By John Ekongo
WINDHOEK – Lecturers at the four colleges of education in the country are threatening to down tools tomorrow following Government’s failure to address their plea for salary increments.
A statement issued by the lecturers condemns the Government, particularly the Government negotiating team (GNT), for the delay in resolving their salary grievances since November last year when negotiations started.
The lecturers claim that their salary grievances date as far back as 2003. Since then, there have been no tangible results from the GNT, which operates from within the Office of the Prime Minister.
The lecturers claim that they have run out of patience and can no longer entertain the delaying tactics employed by the GNT.
The 180 trainers claim that they submitted their request in November last year, but it was met with no answer from the Office of the Prime Minister. Given that, the group alongside its bargaining unit, the Namibian National Teachers Union (Nantu), approached the Office of the Labour Commissioner, requesting assistance for the setting up of a conciliation board to mitigate the dispute between the two parties.
The commissioners declined to set up the body, invoking Section 75 Sub-section 3 of the Labour Act No. 6 of 1992.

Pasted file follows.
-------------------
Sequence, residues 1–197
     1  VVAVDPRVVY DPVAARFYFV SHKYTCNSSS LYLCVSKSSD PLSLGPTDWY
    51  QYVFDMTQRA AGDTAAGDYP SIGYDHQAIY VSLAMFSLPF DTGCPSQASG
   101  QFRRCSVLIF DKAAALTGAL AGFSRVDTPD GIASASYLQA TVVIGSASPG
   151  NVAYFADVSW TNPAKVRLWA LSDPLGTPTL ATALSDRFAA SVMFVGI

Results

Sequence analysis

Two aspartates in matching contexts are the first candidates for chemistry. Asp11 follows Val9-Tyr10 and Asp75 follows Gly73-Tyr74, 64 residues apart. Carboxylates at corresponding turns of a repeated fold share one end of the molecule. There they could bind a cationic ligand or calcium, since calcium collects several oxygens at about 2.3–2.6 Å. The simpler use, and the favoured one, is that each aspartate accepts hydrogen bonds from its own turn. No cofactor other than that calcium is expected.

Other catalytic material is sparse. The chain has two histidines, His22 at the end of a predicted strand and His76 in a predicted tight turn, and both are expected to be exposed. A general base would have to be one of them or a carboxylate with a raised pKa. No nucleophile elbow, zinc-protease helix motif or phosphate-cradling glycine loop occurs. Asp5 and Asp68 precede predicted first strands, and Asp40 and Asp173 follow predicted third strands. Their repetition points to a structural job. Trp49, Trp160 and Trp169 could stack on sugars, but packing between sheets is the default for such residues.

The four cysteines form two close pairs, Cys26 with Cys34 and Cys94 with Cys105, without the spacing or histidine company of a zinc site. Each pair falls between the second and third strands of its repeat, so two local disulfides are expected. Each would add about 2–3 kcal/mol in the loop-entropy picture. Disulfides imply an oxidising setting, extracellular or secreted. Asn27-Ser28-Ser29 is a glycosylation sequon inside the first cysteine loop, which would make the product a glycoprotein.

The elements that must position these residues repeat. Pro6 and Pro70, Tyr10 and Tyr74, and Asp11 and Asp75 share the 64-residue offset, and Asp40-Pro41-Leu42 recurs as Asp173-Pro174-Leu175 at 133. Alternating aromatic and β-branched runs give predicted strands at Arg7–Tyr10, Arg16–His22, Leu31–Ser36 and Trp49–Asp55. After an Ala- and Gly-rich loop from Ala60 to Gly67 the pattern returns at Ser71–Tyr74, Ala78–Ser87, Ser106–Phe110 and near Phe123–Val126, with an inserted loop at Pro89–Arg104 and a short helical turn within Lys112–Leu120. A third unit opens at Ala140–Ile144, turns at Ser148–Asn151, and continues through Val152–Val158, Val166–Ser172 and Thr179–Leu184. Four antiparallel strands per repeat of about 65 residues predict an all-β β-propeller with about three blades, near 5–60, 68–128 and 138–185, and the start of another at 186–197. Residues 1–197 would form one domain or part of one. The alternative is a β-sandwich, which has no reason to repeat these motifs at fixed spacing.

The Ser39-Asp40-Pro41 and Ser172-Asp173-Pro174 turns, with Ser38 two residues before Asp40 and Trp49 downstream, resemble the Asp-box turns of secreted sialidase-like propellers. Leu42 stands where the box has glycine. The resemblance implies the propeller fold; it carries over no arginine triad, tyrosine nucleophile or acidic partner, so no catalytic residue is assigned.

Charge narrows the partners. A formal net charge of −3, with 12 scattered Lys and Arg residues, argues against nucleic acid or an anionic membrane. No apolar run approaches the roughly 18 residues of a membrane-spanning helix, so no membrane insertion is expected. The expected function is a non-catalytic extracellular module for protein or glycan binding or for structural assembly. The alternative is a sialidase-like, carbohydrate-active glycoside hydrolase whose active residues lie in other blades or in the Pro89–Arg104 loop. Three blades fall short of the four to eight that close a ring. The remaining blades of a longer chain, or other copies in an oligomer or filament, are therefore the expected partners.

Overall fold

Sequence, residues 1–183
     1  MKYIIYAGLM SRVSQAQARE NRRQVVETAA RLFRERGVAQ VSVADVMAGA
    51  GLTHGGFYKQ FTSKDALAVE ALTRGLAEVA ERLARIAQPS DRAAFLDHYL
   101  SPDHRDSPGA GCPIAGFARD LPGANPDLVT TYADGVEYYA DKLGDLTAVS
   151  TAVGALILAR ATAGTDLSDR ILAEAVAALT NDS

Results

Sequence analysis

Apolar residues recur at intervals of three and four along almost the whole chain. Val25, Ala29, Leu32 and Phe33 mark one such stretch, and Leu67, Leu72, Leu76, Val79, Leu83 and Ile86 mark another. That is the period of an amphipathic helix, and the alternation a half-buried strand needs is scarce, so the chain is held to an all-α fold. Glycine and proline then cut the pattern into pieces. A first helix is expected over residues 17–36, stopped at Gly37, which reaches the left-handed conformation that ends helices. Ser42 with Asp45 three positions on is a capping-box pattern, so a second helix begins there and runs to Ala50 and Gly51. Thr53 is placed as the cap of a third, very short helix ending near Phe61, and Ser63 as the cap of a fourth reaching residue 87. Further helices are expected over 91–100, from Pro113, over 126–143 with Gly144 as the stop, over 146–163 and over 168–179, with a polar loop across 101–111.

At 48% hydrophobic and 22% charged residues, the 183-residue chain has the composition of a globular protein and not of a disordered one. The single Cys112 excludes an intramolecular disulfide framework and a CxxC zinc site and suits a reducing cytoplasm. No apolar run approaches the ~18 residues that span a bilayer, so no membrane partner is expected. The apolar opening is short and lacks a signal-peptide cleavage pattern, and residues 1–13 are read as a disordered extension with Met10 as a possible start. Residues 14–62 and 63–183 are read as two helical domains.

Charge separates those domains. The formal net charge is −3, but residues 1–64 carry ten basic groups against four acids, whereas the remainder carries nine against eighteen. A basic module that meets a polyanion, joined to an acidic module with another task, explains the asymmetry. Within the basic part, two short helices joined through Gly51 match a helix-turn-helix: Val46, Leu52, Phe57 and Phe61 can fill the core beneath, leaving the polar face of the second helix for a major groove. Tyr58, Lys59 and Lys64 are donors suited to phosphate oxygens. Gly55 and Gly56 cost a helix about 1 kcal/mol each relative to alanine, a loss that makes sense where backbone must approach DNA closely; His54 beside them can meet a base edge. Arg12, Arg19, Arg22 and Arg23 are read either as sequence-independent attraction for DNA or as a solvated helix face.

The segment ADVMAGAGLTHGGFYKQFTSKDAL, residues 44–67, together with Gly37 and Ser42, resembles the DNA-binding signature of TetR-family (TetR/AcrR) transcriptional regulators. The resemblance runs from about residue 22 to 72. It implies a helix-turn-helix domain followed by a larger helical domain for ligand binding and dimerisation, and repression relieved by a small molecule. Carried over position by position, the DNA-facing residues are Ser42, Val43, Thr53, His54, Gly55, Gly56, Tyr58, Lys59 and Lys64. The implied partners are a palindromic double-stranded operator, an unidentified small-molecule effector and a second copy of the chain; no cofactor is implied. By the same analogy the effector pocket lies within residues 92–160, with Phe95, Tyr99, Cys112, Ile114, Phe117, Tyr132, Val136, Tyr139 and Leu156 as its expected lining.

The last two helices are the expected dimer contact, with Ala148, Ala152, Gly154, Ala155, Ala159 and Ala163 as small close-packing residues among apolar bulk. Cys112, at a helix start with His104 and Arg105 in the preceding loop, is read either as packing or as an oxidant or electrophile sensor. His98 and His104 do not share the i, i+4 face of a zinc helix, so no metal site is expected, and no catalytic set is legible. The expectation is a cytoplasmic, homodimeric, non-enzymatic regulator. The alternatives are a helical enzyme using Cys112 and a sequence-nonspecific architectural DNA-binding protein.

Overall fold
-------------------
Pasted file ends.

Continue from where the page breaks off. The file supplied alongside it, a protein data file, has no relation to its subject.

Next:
However, the Labour Office in turn advised the group and Nantu to follow the procedures and recognition agreement that is in place and resolve the dispute by means of negotiations.
Since then, three ultimatums have been issued to the GNT, and yielded no results.
The first deadline was on April 18, this year, followed by another one – a four-day ultimatum between June 2-6. The third ultimatum was issued on June 9, with deadline for response set for June 13.
No response was given on the occasions, according to Liswani Simasiku, the group’s spokesperson.
“The union demands the speedy implementation of the proposal that is on the table, failure of this will lead to an indefinite industrial action planned to start on Tuesday, June 17”, read a statement from the lecturers.
Speaking from Katima Mulilo yesterday, Simasiku stated: “Nothing came of our demands, there is no new development as yet, and as a result, in all likelihood the industrial strike will go ahead as planned. If the Government does not implement the proposal that we gave them, then the strike would be inevitable. We will have a meeting tomorrow (Monday) to discuss the modalities of the strike.”
Efforts to get comment from the Government proved futile as the official in charge of the GNT was said to be outside the country and was only expected back in office today.
The lecturers are demanding a salary increment backdated to November last year.